The Beaux’ Stratagem: “polished and funny”

By Cameron Yule 

This year’s DST Freshers’ Play, The Beaux’ Stratagem by George Farquhar, proved unintentionally misleading. How so? – because the production did not use – as expected – Farquhar’s text, but an adaptation by Thornton Wilder and Ken Ludwig, which modernises and streamlines the original. On balance, this choice of versions constitutes a savvy move from director Jack Palmer, playing up the play’s comedy and excising some of its more turgid sections. The Wilder/Ludwig adaptation also renders the play more accessible, which is all to the benefit of what is, all in all, an accomplished and assured production. Happily, the freshers seem to be capable of far more than inexplicable dumb-shows and noise.

The adaptation is more crowd-pleasing than the original, never shown more clearly than in the opening scene, where the feckless landlord Boniface (Sammy French) asks the two protagonists, Archer (Jack Firoozan) and Aimwell (Calum MacLean) what they’d like for dinner; whether a directorial touch or part of the adaptation, it’s redolent of both Monty Python’s Cheese Shop sketch, and through its framing of ‘fricassee rabbit’ (although in Farquhar’s text) of Blackadder Goes Forth and Baldrick’s offer, ‘rat: sauté or fricassee?’

Firoozan is particularly good as the rakish Archer, contrasting a genuine intellect – as seen in his monologue concerning impostors – with an extreme flirtatiousness, a character trait in which he delights, using his wit to charm first Izzy Clarke’s beleaguered Cherry, and later Mrs Sullen (Ellen Tapp). Archer is one of the play’s few characters to show a genuine agency, and Firoozan captures well Archer’s cunning and libertine nature, not to mention his cynical humour, such as his chastisement of Aimwell’s clichéd professions of love.

Indeed, exaggerated character traits seem to be a feature of the adaptation, most hilariously realised by Mungo Russell, whose Sullen is occasionally coherent, exceedingly funny, and entirely inebriated. There is a definite skill here: although an inherently comic figure, a poorly-executed performance would have given Sullen a ridiculous aspect, which -with excellent timing and a terrific upper-class sneer – Russell happily avoids.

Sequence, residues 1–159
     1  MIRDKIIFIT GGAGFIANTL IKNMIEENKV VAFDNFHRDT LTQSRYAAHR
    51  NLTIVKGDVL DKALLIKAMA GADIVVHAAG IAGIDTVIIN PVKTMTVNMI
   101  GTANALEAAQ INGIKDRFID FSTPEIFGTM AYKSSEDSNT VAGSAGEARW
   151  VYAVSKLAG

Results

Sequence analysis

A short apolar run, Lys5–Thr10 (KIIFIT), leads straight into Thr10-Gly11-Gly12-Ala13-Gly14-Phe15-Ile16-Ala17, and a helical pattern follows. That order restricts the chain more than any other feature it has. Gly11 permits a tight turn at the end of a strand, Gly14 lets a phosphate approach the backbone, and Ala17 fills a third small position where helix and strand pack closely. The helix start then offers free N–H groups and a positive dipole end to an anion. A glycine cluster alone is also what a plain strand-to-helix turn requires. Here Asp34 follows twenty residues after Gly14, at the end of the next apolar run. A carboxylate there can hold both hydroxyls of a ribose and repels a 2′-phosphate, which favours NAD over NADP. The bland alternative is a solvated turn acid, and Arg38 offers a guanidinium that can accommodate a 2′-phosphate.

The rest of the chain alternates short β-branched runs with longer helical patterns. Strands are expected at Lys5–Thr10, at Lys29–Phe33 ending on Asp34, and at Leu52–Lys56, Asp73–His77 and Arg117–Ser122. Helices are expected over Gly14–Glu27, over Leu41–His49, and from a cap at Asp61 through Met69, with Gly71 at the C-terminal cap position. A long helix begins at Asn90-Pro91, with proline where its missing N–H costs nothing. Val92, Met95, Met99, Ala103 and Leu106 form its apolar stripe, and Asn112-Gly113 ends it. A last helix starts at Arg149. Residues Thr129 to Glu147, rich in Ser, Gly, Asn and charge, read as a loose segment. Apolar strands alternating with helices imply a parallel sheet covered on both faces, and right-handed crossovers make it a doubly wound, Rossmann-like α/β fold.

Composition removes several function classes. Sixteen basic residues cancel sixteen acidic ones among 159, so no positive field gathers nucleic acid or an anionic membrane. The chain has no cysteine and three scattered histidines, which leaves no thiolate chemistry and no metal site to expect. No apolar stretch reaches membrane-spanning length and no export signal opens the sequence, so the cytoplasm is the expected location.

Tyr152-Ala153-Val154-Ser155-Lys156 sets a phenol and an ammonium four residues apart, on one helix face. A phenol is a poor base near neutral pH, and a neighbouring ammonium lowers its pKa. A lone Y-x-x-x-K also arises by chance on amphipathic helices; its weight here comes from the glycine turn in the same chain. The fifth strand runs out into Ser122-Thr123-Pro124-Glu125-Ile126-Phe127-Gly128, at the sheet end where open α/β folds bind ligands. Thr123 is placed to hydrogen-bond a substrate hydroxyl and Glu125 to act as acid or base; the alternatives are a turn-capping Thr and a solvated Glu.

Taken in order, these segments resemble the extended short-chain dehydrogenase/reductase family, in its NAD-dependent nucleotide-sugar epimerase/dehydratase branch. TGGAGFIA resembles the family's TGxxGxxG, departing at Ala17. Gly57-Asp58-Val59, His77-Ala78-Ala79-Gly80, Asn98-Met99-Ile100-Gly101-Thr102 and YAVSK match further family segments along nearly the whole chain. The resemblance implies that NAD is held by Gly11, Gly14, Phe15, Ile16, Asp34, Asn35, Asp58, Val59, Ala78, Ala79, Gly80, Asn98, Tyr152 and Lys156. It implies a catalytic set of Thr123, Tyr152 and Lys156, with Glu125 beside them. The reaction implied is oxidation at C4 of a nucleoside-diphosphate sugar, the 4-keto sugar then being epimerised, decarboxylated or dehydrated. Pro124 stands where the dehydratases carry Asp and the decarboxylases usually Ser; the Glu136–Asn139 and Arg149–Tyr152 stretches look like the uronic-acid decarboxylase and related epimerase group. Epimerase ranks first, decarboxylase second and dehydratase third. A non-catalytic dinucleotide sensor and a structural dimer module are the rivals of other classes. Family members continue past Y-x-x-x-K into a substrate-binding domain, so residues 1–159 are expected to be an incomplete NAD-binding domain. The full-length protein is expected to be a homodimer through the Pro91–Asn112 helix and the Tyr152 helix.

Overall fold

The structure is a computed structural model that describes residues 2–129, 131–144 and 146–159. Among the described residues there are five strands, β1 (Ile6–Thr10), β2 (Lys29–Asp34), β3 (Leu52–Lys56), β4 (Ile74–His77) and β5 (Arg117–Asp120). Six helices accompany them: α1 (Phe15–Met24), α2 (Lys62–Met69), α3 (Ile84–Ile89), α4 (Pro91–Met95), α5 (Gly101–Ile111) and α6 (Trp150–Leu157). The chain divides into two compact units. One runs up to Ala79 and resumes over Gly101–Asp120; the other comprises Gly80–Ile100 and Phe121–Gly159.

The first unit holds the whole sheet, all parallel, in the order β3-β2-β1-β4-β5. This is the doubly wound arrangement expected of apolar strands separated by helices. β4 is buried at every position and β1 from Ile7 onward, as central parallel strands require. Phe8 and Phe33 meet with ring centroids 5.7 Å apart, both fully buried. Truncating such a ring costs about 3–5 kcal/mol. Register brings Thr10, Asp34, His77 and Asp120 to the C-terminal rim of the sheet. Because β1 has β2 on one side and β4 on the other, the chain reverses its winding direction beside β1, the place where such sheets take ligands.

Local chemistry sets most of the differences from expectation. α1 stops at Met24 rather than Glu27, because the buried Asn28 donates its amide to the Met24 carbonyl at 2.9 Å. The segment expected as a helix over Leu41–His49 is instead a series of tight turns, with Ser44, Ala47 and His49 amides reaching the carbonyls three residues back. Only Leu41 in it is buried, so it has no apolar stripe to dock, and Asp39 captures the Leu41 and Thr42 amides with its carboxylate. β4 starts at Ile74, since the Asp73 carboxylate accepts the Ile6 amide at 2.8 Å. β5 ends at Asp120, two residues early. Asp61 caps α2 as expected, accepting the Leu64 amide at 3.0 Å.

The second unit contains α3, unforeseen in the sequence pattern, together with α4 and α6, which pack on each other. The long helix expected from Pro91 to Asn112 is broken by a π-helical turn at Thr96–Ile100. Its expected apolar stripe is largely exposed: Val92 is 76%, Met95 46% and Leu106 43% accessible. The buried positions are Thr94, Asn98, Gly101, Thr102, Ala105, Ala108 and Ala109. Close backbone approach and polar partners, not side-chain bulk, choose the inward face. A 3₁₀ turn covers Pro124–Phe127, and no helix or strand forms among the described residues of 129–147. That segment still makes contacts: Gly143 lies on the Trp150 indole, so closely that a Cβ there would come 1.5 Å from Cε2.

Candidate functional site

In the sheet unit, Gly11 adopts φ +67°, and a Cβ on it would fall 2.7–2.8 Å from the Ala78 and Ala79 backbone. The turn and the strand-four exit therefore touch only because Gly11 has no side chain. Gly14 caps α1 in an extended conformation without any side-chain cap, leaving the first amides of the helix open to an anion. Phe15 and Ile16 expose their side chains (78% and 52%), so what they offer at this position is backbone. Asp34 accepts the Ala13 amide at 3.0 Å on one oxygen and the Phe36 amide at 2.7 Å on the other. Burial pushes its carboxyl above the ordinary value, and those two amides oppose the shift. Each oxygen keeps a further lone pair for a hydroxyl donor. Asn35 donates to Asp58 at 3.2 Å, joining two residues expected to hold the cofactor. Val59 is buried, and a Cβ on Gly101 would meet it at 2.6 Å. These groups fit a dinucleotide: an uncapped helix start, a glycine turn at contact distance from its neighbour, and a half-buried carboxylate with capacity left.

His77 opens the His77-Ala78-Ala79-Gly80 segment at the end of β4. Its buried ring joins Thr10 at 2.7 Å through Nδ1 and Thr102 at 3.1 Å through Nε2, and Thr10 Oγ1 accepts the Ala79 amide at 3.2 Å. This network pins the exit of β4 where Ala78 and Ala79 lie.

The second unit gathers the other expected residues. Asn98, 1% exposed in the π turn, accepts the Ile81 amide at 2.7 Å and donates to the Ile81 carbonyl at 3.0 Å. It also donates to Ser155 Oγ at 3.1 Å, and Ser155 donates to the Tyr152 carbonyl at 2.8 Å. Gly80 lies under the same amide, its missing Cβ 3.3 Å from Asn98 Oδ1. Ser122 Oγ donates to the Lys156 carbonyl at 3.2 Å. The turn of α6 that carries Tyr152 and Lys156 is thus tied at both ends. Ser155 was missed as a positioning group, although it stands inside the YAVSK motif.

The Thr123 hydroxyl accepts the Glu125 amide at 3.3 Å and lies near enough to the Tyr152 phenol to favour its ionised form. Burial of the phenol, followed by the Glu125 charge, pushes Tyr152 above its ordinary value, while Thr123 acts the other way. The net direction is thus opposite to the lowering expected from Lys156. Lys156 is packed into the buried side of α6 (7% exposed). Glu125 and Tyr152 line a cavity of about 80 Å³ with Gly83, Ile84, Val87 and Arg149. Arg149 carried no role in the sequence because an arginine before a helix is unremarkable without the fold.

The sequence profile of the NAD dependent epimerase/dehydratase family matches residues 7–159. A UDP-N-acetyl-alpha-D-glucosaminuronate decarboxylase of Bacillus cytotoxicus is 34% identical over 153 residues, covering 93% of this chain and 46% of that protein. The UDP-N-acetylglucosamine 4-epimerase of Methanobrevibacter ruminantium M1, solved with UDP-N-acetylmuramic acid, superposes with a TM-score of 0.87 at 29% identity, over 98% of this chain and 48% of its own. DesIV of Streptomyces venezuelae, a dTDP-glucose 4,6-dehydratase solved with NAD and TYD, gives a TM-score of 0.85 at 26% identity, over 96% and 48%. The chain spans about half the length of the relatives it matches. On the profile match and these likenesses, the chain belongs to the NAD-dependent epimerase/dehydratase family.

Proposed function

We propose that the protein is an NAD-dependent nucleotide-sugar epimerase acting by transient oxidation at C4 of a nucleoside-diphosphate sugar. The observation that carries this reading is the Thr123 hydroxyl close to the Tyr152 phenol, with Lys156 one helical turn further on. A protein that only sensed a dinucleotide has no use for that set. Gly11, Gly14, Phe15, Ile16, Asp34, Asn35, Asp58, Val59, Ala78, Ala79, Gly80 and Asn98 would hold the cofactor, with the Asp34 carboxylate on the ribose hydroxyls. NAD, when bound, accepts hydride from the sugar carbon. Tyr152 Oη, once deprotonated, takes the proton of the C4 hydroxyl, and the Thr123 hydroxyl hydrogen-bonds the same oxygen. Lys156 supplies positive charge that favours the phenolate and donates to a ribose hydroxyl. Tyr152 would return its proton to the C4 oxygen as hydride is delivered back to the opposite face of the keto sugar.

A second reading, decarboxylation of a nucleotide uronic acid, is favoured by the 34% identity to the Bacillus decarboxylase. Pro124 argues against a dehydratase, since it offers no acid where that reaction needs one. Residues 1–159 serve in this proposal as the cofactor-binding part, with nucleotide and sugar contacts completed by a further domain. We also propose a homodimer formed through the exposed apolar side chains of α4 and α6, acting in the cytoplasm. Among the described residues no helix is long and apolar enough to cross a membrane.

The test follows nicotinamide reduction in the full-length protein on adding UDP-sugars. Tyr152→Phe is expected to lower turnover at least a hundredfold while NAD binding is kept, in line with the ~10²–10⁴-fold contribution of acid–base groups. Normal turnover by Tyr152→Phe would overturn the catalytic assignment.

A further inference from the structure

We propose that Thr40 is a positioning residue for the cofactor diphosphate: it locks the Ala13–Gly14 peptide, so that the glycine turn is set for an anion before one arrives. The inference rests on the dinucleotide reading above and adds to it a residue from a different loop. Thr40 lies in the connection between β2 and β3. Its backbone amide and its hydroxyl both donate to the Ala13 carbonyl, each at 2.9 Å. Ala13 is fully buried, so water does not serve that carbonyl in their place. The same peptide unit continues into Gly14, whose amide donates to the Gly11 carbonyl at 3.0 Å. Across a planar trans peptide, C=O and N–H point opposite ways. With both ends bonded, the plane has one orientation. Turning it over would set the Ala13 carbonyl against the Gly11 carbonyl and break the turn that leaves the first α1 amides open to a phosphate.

Meg Luesley’s Lady Bountiful – the inept doctor – is equally comical, and she clearly revels in her character’s predilection for needless surgery. To use a terrible cliché, Luesley brings a great energy to the production, with her hysterical persona serving not only to invigorate her audience but to stimulate other characters, notably her daughter-in-law, Mrs Sullen, whose sense of perpetual exasperation is conveyed well by Ellen Tapp.

With so many stellar performances it’s impossible to discuss each one in detail, but equally worthy of mention are Lucas Walker’s portrayal of the Revd. Gloss (an amalgam of Farquhar’s characters, Count Bellair and Gibbet the highwayman), whose booming voice gave voice to the hilarious contradiction of Gloss’ life as both criminal and clergy, and Calum MacLean’s Aimwell, who though somewhat overshadowed by Archer, nonetheless enjoys the authority of being Archer’s master, and whose feigned convulsions provide a good laugh.

Not all aspects of the production are so good: the climactic swordfights, rather than the parody as which they are perhaps intended, quickly become tedious; this is, of course, a farce, but it seems it could be done more subtly. The second half of the adaptation was completed by Ludwig after Wilder’s death, and does seem here that some of the original’s (and indeed of Wilder’s first half) nuance has been removed in order to play up the farcical elements; although the weakness of the script isn’t necessarily a production fault, such discretion is so well applied throughout the play that moderating the silliness of some of the later scenes would make the production even more accomplished. And for all that the play revolves around couples, the romance between Dorinda and Aimwell seems rather contrived and passionless, although their somewhat flat marriage scene is livened up by Darrius Thompson’s entertaining cameo as the quipping French parson, Foigard, who repeatedly tries to marry the tepid couple, with limited success.

If then, we are to regard the Freshers’ Play as this cohort’s statement of theatrical intent, we should expect similarly polished productions over the coming years. The Beaux’ Stratagem is by no means perfect, but thanks to some clever directing and its cast’s understanding of comic acting it succeeds in its ambition. There is real talent here both in the conception and the execution, and most importantly, it makes for good entertainment.

Photograph: DST 

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